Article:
If the distinctions between these spheres fail, then what we will lose is civilian life, since the others are ultimately indispensible. Then we'd turn into a closed society. In closed societies, like North Korea, everyday life is militarized.
You might not agree that this is what would happen, because it might seem as though fewer secrets ought to always, always mean a more open society. If you think that, you are making the same mistake those programmers who resisted structure made long ago.
Anarchy and dictatorship are entwined in eternal resonance. One never exists for long without turning to the other, and then back again. The only way out is structure, also known as democracy.
We sanction secretive spheres in order to have our civilian sphere. We furthermore structure democracy so that the secretive spheres are contained and accountable to the civilian sphere, though that's not easy.
There is certainly an ever-present danger of betrayal. Too much power can accrue to those we have sanctioned to hold confidences, and thus we find that keeping a democracy alive is hard, imperfect, and infuriating work.
The flip side of responsibly held secrets, however, is trust. A perfectly open world, without secrets, would be a world without the need for trust, and therefore a world without trust. What a sad sterile place that would be: A perfect world for machines.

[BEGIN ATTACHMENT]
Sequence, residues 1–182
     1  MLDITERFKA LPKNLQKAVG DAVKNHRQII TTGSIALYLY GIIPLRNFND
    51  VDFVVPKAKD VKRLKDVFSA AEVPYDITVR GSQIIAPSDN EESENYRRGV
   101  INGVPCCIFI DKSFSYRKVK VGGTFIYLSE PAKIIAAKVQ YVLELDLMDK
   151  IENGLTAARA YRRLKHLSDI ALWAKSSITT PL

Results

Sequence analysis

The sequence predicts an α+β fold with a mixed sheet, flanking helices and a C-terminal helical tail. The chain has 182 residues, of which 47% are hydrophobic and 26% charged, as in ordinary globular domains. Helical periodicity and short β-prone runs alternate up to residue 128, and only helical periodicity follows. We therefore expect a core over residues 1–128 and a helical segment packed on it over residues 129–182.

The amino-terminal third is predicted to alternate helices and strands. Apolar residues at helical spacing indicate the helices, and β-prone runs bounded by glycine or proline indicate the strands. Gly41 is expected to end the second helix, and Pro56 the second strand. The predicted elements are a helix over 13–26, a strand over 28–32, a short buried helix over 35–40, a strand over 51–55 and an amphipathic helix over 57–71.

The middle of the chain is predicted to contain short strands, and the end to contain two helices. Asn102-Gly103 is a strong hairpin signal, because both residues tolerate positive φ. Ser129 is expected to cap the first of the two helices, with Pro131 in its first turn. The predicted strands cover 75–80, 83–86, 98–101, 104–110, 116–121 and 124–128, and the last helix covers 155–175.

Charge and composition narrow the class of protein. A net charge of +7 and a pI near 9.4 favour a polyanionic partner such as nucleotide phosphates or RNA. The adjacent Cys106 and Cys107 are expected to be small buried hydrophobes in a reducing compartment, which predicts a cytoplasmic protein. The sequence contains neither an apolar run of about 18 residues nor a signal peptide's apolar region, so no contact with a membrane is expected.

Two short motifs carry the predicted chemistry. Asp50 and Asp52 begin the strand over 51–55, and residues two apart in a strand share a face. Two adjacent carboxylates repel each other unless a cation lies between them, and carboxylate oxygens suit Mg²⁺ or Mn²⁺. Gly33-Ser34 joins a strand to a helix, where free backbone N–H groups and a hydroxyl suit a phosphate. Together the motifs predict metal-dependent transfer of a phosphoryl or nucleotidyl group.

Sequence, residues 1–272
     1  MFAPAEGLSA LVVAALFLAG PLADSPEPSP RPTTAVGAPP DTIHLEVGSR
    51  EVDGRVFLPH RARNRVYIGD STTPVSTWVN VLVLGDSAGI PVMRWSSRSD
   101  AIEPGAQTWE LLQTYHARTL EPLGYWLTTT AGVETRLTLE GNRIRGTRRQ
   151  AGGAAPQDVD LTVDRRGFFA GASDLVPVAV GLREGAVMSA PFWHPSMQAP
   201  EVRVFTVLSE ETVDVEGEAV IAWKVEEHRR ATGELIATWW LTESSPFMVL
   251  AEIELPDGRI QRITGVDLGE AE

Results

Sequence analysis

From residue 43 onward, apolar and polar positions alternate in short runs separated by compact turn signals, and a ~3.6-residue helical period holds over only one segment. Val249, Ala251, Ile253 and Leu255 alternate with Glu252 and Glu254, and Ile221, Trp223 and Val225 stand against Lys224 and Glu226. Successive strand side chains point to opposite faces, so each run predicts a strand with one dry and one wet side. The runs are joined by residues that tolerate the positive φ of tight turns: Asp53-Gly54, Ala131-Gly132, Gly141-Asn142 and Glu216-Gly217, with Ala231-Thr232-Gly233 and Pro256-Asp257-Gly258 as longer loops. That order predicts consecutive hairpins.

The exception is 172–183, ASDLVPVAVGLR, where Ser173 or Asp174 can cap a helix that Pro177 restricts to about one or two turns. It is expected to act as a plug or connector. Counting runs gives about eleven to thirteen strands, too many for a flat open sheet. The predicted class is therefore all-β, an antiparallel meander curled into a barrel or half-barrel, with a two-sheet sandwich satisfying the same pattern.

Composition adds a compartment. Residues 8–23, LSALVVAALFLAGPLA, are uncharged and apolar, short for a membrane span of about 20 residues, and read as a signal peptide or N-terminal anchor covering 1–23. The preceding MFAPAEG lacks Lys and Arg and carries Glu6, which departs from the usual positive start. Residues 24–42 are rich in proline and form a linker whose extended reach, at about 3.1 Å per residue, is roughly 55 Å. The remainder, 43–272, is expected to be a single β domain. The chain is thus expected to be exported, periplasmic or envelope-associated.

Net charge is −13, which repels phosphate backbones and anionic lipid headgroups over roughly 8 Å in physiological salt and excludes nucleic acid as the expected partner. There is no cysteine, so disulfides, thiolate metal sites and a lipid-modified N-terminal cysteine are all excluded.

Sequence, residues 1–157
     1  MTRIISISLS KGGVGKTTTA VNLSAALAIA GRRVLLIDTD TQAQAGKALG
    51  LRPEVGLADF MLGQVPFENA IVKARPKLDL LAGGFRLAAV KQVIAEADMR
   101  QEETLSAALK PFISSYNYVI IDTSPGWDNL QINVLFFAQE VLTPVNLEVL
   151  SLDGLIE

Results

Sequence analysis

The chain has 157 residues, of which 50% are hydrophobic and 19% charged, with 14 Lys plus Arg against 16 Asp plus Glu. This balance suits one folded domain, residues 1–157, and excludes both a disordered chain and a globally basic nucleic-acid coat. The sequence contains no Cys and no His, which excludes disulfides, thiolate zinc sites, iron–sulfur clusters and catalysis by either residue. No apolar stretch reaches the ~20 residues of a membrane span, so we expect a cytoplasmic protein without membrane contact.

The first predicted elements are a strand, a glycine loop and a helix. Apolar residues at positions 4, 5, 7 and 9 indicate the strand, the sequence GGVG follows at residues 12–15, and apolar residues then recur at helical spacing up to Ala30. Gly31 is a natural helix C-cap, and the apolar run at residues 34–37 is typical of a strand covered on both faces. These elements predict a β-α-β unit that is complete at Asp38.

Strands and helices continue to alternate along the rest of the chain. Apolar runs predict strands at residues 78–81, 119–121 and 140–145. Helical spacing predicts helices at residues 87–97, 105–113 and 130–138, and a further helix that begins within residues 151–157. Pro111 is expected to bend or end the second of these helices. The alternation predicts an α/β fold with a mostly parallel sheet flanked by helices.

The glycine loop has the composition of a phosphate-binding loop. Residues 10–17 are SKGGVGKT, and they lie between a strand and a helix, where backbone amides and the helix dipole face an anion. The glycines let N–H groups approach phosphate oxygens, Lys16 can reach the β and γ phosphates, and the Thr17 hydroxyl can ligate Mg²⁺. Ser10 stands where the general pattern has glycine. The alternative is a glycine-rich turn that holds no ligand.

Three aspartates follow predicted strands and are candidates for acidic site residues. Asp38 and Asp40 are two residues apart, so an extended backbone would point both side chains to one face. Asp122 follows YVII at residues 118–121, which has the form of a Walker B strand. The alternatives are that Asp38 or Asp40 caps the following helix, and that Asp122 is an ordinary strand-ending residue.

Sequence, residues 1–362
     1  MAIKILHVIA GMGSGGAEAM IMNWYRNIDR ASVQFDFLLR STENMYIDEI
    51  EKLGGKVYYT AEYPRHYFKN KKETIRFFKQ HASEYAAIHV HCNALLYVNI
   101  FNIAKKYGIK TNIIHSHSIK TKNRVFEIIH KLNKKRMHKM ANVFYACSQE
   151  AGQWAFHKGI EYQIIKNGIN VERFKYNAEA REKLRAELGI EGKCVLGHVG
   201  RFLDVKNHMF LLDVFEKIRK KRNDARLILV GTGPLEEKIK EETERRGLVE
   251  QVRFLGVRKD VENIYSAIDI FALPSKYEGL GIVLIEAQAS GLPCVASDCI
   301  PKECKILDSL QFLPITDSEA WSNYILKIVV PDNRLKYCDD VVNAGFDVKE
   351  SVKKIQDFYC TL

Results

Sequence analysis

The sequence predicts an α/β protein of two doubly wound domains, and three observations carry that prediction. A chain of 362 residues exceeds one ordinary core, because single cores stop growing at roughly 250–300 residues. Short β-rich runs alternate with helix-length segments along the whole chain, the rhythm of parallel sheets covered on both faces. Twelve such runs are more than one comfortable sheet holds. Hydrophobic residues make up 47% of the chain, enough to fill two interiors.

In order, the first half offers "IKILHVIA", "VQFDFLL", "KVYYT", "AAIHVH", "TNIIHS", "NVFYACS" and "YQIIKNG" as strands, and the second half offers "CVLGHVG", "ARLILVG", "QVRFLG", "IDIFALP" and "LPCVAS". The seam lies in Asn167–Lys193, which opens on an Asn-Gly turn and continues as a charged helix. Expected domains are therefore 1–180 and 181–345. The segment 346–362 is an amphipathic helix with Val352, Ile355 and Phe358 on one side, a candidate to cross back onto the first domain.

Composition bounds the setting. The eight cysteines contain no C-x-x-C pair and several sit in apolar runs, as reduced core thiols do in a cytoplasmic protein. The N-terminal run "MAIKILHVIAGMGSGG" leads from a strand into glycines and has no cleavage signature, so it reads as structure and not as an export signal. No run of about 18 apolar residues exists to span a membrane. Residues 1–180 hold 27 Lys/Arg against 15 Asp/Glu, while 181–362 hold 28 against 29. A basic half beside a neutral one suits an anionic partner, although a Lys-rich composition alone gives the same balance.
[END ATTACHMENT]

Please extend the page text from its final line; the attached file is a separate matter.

1. The hacker community sometimes has a way of talking the talk about its own empowerment, but pretending it isn't walking the walk when it actually is, in order to enjoy the blessed cover and forgiveness granted to the oppressed.
This observation immediately brings up another difficulty in perception. I just made up a construction: "The hacker community." What the hell is that? Since important actors in the present dramas are anonymous, including many Wikileaks activists, it can be hard to pin ideas or actions on specific people. Does that mean we can't talk about what anyone thinks or does? We have to do our best to perceive actors in order to perceive and assess ideas and actions.
A range of ideas and strategies are in play. There are people from the Wikileaks community who became uncomfortable with Julian Assange, and are attempting to rev up alternative leak sites. Some of these experiments might turn out well, and I might become an enthusiast for them.
While acknowledging this diversity, it is also important to address certain mistaken core ideas underlying much of the world of cyber-activism.
2. Yet another essay that is critical of techie culture! Am I giving comfort to enemies of friends by challenging friends? Maybe a little, but I think my friends can take it and we get better and stronger from these conversations.
I'll declare here that I happen to share some of the concerns of many of the supporters of Wikileaks and related efforts. To be specific, am worried that the American government seems to be better able to lie to itself by keeping secrets digitally. The same can be said about the Chinese government, and many others. Digital information systems can help you lie to yourself better because dubious information can seem so much more credible and substantial when you've digitized it, and there can be so much of it.
But we can't descend into a primal sorting of who is friend and who is enemy.